ITALY: Exuvia - Caparezza
Rap rock all'Italiana? If anyone will convince you of the genre, it's Caparezza
Before this process, I used to be rather rigid in my tastes. I more or less only listened to The Beatles, Fleetwood Mac, The Rolling Stones, and AC/DC, with a few forays into other genres. Now that I am more than three quarters of the way through this journey through the world’s music, I’d like to think that I’m far more adventurous in what I listen to, and I have listened to fusion genres I would never have thought could work, and yet they do. I have listened to, and enjoyed, such oddities as Japanese ethio-jazz, French-Mongolian folk-fusion, and Sufi inspired rock from Pakistan. All of them I would never have thought could mesh together nicely, but in the hands of talented and inventive musicians, they do. And yet, there is still one mashup of genres that I feel somewhat hesitant towards. Rap rock. There’s nothing wrong with it per se. I enjoy Rage Against the Machine enough. The Beastie Boys managed the balance quite well. That collaboration between Aerosmith and Run-D.M.C. is pretty fun. But beyond that, I have struggled to find it a genre I have much love for. In the wrong hands it seems too forced, too much a relic of the late 1980s and early 1990s. Rap is a brilliant genre, and rock is a brilliant genre, but they are almost completely different in style, and I’m just not sure they mix well together in all circumstances. And so, here we find Exuvia, by Italian singer Caparezza.
“This, to me, is where the album is at its best, where his rapping and song writing are on the same level, with both aspects contributing to creating an enjoyable listening experience.”
Born in the southern Italian region of Puglia, and whose stage name means ‘curly haired’ in the local Pugliese dialect, Caparezza may seem an unlikely candidate to be a rap rock artist, but he has carved out for himself a niche as Italy’s most famous rap rock musician. I know this may seem an overly specific superlative, but it is true, and Italian is, I imagine, quite an easy language to rap in, much like Spanish, due to the large number of rhyming words, and the already rhythmic nature of the language. As such, Caparezza does sound ‘authentic’, or, perhaps it’s fairer to say he’s as authentic sounding as an Italian rapper can sound. He’s good at what he does. I’ve already stated my issues with rap rock as a genre, and those aren’t completely dispelled by Caparezza’s rapping skills. More often than not, I don’t feel it meshes with the rest of the music, which is a problem when you’re trying to enjoy an album that is mostly rapping over rock and related styles. I do appreciate that this is a question of personal taste, and you may not have this problem that I had while listening, and as such, you may get far more out of it than I did. A ciascuno il suo, as the Italians say.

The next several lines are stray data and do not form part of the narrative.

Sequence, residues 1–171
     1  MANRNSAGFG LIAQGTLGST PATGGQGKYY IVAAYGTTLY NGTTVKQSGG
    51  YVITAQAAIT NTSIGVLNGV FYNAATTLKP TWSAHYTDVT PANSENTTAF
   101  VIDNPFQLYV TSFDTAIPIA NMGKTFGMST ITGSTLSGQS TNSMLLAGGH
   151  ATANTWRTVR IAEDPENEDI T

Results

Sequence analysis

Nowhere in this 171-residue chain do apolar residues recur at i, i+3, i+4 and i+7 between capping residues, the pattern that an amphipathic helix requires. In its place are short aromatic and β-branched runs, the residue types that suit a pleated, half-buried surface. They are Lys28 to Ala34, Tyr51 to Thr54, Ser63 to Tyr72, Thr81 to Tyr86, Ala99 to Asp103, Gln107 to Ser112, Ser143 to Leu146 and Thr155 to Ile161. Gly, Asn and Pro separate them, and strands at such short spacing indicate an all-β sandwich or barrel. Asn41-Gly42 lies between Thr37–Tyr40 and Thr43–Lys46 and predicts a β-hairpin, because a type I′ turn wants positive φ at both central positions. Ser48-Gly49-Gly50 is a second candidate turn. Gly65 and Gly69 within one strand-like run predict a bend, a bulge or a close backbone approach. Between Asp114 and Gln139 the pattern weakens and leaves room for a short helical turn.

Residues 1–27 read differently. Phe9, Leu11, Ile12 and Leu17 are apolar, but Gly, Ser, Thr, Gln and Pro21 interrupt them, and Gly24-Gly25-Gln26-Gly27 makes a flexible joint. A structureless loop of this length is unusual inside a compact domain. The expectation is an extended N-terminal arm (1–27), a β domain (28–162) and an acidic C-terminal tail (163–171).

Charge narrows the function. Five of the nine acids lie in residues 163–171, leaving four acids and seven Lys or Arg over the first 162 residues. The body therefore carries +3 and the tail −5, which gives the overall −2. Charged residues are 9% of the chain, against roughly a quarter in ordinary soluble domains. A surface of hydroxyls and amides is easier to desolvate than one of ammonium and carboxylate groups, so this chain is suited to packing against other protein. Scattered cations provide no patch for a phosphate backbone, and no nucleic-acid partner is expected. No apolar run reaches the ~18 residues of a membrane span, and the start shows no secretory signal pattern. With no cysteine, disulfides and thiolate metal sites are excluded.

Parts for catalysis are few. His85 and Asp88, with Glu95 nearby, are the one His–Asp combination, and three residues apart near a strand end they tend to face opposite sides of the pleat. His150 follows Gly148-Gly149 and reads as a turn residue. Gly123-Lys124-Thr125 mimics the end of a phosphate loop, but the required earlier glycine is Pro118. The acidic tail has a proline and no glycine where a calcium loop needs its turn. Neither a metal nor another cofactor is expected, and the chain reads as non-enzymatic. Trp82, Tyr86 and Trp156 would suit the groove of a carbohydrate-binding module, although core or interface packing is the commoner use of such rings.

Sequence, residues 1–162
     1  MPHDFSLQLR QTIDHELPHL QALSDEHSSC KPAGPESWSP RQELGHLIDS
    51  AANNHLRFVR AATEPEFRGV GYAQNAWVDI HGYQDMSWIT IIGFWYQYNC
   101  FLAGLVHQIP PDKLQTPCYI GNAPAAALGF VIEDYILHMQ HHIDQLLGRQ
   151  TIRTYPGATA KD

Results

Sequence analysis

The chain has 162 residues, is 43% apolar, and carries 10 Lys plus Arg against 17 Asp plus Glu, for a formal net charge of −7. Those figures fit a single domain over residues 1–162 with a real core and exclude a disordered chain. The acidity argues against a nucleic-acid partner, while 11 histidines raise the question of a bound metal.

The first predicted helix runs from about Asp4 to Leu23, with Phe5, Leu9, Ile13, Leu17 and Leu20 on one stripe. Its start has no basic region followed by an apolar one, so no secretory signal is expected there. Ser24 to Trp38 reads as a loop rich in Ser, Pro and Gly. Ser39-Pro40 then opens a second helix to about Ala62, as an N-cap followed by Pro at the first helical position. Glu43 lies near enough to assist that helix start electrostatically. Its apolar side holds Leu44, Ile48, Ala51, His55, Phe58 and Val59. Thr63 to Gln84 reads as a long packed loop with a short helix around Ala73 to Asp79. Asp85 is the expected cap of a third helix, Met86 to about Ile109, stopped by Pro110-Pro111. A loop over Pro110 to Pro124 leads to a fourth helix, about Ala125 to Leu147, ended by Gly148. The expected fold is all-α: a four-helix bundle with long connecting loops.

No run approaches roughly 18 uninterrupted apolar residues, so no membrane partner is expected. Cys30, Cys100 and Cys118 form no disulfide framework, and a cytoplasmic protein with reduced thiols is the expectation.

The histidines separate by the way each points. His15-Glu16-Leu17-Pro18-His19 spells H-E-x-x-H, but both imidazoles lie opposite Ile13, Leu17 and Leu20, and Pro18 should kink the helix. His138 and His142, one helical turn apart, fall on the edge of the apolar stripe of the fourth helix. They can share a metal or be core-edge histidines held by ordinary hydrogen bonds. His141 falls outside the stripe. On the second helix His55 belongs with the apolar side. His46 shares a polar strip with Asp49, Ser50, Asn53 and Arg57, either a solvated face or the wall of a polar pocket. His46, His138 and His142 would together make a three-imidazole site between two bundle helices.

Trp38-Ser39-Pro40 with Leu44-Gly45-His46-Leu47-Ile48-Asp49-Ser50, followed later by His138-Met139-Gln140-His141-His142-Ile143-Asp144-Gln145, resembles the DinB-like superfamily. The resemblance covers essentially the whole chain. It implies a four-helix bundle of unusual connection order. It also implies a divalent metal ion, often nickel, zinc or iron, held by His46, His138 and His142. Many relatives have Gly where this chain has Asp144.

None of that means the album was a write-off for me. Not one bit. There’s a lot I liked on Exuvia. El Sendero is my favourite song on the piece, mainly due to Mishel Domenssain’s exquisite vocals that evoke an oneiric quality. I also really like Campione Dei Novanta, which has an almost operatic feel to it due to its horn section, and La Scelta is also one of the better tunes, containing a funky bassline a lovely piano section that compliments the gentler style of rapping, which them yields into memorable, radio friendly chorus. This, to me, is where the album is at its best, where his rapping and song writing are on the same level, with both aspects contributing to creating an enjoyable listening experience.
There are a few other problems, however. For one, the album is far too long, with there just not being enough good songs, let alone brilliant ones, to sustain a runtime of one whole hour, and the skits that pepper the album seem a bit redundant. Songs like Contronatura are too busy and aggressive for my taste, with rap and vocal sections jarring rather than complementing like on El Sendero. On that song, as with Azzera Pace, I feel that the balance slides too much towards repetitive charts-style music with rapping over it, which I personally find less interesting. Yet, Eterno Paradosso is in a similar mode, and I really like it, as it has a catchy chorus. So, while I am not completely sold on Italian rap rock, there’s a range of things to enjoy in this album. If rap music is really your thing, then I’m sure you’ll enjoy this more than I did, but even if you’re a bit of a sceptic like I am, there are songs you’ll almost certainly enjoy. I can’t sit here and lie to you by saying this is my favourite rap rock album, my favourite Italian album, or even one of my favourite new albums from this year, but I will say this – it’s the best Italian rap rock solo album released in 2021. Slap that on the poster.